Specifically, the ruling could be bad news for Hillary Clinton, who has accepted approximately $165,000 and a corporate jet ride from IPA; Illinois Attorney General Lisa Madigan, who also took IPA money and whose investigation of the firm has mysteriously gone nowhere; and other politicians who have taken significant money from the Buffalo Grove, IL.-based company.
In U.S. District Court in Chicago, federal judge Elaine Bucklo denied IPA's motion to dismiss a massive nationwide 40-plaintiff lawsuit. In doing so, Bucklo agreed with the small business owners/victims that the allegations amounted to a legitimate racketeering case.
The complaint sufficiently alleges mail and wire fraud, and interstate travel, as a part of defendant's schemes and as the predicate acts of racketeering. The complaint alleges that defendants (1) had a scheme, (2) intended to defraud plaintiffs, and (3) used the telephone and sent materials through facsimile and the mails in furtherance of the scheme, and traveled interstate in furtherance of the scheme. These acts are alleged to have been numerous and continuous, both collectively and with respect to each plaintiff, and spanning over a period of years.The bad news for Madigan, if the Illinois media ever wakes up and asks her about it, is that by effectively certifying this as a legitimate nationwide fraud allegation, it makes the first-term Democrat appear extremely weak, or worse. Madigan, as I have pointed out numerous times, has been investigating IPA for more than four years without any result. If the federal judge can see the potential nationwide fraud conspiracy, why can't the Illinois AG?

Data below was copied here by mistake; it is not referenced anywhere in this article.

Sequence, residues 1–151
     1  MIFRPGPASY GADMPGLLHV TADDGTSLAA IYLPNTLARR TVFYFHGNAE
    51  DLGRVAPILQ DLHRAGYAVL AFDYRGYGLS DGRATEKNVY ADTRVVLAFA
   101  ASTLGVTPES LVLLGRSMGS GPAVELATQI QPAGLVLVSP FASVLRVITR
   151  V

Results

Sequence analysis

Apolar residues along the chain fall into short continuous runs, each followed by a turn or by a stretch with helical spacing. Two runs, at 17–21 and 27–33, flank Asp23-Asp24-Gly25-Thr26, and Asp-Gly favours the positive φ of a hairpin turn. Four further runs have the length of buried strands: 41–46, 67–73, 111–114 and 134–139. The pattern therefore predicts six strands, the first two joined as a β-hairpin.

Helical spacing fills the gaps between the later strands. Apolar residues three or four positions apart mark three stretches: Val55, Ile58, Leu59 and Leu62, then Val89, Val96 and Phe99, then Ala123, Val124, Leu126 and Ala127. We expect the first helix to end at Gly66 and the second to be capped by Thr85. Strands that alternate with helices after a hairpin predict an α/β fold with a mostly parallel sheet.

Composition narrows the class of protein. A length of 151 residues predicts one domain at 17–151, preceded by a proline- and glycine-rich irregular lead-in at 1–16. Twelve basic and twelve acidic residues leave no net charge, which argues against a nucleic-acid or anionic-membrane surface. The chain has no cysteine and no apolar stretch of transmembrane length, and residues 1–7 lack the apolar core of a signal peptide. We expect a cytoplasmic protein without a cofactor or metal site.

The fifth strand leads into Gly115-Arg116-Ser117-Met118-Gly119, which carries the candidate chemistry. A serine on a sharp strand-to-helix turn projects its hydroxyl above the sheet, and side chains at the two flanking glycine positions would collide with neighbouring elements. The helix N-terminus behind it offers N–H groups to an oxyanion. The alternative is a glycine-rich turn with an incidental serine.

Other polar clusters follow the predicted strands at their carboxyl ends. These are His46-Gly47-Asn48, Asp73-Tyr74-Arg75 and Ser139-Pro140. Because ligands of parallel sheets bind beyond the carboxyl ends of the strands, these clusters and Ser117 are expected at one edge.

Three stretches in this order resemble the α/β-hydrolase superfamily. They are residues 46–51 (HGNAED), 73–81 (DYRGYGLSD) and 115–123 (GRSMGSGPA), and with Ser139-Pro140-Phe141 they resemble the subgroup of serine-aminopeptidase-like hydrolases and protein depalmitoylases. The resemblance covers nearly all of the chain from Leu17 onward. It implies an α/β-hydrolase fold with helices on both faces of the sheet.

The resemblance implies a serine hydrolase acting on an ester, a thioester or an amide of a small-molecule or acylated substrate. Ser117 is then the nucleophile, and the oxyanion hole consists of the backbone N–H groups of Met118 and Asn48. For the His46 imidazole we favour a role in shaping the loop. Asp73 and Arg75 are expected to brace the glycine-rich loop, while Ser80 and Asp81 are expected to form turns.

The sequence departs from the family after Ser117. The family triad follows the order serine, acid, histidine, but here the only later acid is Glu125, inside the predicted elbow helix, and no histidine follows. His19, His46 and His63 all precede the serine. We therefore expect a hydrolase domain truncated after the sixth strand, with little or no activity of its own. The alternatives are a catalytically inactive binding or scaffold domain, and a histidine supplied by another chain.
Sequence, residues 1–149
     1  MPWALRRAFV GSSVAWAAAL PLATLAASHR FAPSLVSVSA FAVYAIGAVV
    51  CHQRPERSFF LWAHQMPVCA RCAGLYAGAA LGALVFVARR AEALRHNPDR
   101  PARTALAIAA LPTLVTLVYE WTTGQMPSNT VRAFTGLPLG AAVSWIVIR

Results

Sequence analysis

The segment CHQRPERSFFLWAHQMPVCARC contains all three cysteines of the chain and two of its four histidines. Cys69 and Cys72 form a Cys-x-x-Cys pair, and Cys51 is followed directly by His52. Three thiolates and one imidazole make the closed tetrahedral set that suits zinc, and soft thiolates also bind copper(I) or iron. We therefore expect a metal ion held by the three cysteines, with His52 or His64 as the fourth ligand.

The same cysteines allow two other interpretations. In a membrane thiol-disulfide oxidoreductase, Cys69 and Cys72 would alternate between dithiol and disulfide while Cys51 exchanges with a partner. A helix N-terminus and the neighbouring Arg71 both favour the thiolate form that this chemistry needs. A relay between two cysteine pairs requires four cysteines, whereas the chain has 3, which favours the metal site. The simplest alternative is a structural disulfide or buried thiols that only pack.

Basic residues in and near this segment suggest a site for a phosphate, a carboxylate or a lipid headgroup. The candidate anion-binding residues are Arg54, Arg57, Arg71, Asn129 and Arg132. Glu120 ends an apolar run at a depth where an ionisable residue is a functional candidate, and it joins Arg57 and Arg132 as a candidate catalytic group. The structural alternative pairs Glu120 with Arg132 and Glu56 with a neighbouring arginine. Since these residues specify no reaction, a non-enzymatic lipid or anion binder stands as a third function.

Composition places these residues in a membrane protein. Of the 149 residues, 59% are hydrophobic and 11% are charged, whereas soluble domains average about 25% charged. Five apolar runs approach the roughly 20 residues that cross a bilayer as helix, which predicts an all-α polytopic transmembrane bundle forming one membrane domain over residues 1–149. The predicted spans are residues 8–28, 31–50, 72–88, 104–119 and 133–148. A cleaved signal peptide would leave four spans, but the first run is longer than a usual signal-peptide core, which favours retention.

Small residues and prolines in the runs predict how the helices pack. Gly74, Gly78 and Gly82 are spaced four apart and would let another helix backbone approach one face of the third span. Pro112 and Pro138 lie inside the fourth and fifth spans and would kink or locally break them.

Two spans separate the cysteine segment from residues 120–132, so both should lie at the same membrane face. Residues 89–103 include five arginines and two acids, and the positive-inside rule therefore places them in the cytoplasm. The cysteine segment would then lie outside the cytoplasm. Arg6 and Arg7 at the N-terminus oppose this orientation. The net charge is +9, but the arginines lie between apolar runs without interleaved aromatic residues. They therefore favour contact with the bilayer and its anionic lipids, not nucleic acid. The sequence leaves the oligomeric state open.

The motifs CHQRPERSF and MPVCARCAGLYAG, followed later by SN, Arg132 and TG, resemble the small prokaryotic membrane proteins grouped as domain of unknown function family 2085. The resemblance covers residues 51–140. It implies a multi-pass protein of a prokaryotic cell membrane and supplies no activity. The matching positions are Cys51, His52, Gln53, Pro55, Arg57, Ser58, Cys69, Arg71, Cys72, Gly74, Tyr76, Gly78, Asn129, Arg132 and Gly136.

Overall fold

A more cynical person might say Madigan is less than motivated in investigating a company that helped her conduct political phone banks in 2002, and that has given close to $1 million in campaign donations to Democratic politicians over the last several years.
It is also bad news for other Democratic AGs across the country, who, through their political action committee, took $50,000 in donations from IPA in October 2006 while Madigan was conducting her investigation. If there is a nationwide fraud case, Madigan ought to be bringing other state AGs on board to help investigate. Did the $50,000 stifle the AGs' enthusiasm?
In general, it is a horrible day for IPA. The ruling has energized a very vocal group of small business owners, some of whom can be found celebrating the ruling on message boards at the bottom of stories here and here. This means the case will go forward and the chance for more scrutiny will increase.
At the same time IPA is fighting this case, it also is in federal court defending itself against the most expansive sexual harassment lawsuit ever filed by the Chicago office of the Equal Employment Opportunity Commission.
And, as we've mentioned before, it appears that IPA is heavily dependent on lighting strike, non-repeat business and therefore is deathly afraid of bad Google results, which tend to kill those sales when a small business owner checks out IPA before hiring it. The firm undoubtedly is trying to influence those Google results, but the more bad news that enters the news flow, the more difficult that becomes.
Background on IPA can be found here.